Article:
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Transformation of Language and Religion in Rainer Maria Rilke


Johannes Wich-Schwarz

Rainer Maria Rilke (1875-1926), perhaps the most famous European poet of the twentieth century, exemplifies how the «crisis of language» inherent in literary Modernism also constitutes a crisis of religious discourse. In Rilke’s poetry and prose, language replaces God as the focal point of human experience. Yet despite his rejection of Christianity, Rilke crucially draws on Christian imagery to express his Modernist worldview. Transformation of Language and Religion in Rainer Maria Rilke offers new readings of major texts such as The Notebooks of Malte Laurids Brigge and The Duino Elegies, as well as analyzing some of Rilke’s lesser-known works, Visions of Christ and «The Letter of the Young Worker.»


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Appendix Two: Translation of “The Letter of the Young Worker” 153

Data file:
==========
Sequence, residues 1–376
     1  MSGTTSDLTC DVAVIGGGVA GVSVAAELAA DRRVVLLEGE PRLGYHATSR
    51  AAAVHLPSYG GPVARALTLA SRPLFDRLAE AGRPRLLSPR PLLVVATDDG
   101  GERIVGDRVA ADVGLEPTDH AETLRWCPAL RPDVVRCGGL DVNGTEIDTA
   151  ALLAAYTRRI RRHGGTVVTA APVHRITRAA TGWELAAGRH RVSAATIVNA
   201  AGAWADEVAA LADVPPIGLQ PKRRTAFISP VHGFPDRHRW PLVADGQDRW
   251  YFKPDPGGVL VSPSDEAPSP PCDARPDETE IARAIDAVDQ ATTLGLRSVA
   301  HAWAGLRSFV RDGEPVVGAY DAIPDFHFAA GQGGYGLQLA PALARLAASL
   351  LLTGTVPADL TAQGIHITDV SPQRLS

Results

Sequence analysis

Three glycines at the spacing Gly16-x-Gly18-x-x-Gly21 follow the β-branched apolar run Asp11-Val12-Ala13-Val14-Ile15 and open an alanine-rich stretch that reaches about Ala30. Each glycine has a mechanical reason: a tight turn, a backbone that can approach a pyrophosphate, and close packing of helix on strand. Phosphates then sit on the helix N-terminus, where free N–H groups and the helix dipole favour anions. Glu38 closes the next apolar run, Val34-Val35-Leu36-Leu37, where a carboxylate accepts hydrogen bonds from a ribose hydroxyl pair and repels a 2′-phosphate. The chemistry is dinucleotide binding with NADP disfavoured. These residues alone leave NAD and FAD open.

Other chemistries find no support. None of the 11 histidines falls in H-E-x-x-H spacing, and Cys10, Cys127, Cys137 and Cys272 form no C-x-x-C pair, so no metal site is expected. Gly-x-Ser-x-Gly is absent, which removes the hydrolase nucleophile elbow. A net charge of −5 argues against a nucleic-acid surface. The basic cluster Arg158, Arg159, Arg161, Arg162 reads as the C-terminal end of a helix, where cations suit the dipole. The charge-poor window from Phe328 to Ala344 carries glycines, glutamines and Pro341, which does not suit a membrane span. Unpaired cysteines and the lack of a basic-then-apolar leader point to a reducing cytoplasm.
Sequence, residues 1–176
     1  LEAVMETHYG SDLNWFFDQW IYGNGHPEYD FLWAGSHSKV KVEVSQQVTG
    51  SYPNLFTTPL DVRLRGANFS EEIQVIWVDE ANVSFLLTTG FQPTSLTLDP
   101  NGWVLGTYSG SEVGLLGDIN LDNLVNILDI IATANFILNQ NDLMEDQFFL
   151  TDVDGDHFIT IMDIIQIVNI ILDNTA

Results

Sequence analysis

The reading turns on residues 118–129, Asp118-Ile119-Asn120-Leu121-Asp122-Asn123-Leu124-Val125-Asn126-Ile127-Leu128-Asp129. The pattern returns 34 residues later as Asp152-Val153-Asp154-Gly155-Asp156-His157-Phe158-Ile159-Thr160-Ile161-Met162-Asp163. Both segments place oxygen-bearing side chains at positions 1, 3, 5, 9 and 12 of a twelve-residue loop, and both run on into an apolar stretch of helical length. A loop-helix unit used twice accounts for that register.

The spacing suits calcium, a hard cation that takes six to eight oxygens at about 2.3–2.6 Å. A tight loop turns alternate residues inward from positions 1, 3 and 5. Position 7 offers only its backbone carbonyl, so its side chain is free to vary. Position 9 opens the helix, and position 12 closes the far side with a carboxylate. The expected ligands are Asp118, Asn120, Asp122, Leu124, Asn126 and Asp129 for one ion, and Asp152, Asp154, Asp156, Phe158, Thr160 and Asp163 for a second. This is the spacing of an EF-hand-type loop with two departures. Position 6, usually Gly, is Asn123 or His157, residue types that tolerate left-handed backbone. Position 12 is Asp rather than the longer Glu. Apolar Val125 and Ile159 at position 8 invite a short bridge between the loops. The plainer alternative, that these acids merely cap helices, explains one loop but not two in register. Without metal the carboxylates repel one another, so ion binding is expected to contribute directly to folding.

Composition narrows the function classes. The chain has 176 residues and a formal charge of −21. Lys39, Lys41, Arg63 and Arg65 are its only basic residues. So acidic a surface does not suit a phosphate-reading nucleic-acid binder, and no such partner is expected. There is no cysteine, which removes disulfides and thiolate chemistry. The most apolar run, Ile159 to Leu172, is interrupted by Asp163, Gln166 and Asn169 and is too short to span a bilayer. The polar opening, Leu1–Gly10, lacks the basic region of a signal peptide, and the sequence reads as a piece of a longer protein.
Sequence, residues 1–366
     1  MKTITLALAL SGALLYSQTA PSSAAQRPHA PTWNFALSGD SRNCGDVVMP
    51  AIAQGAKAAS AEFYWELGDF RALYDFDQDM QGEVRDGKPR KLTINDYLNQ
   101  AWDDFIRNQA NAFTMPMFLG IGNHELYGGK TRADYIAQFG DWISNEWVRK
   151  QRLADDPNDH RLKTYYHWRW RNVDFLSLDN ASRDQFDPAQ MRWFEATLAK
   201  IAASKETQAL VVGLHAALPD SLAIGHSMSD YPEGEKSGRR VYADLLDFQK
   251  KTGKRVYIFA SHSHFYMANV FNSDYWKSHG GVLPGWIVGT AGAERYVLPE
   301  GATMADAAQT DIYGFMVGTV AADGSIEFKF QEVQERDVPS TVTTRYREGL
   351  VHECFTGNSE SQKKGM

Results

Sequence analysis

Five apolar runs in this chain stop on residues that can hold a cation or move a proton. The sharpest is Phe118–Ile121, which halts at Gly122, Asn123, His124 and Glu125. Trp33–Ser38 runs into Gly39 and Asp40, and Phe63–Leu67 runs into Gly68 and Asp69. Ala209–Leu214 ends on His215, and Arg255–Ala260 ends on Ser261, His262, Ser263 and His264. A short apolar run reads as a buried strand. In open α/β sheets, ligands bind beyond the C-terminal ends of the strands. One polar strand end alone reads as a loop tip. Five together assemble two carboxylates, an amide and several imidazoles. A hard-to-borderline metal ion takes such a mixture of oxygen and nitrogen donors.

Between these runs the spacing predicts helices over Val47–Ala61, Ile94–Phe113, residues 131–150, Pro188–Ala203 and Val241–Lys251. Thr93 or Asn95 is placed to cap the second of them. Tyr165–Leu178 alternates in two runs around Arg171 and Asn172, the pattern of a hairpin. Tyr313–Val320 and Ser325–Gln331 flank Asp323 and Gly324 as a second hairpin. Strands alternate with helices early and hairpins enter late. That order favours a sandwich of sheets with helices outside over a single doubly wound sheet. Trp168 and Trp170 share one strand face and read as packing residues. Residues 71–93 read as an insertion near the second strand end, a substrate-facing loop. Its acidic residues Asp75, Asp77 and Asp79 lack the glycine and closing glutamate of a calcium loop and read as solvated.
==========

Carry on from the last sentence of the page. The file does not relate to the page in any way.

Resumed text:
Appendix Two Translation of “The Letter of the Young Worker” [The comparison with Gertrude Craig Houston’s translation of the text—to be found in Rilke, Selected Works. Volume 1: Prose, 67–77—was very helpful for my own rendition. I have borrowed several of Craig Houston’s felicitous phrases.] The Letter of the Young Worker (Feb 12–15, 1922) (SW 6: 1111–27) Last Thursday in a meeting, someone read to us from your poems. Mr. V., it’s continually on my mind; I cannot help myself, but have to write down for you everything I am thinking about, write it down as well as I can. The day after the reading I found myself by chance amidst a Christian congregation, and maybe this event was the actual thrust which caused the ignition that is generating so much movement and pressure that I am steering towards you with all my force. It is an incredibly violent endeavor to begin something. I cannot begin. I simply leap over that which should be the begin- ning. Nothing is so powerful as silence. If each of us were not already born into speech, it would never have been broken. Mr. V., I am not speaking of the evening when we received your poetry. I am speaking of the other one. It drives me to exclaim: Who, yes—I cannot express it otherwise now, who then is this Christ, who imposes himself on everything.—Who knew nothing about us, nothing of our work, nothing of our...

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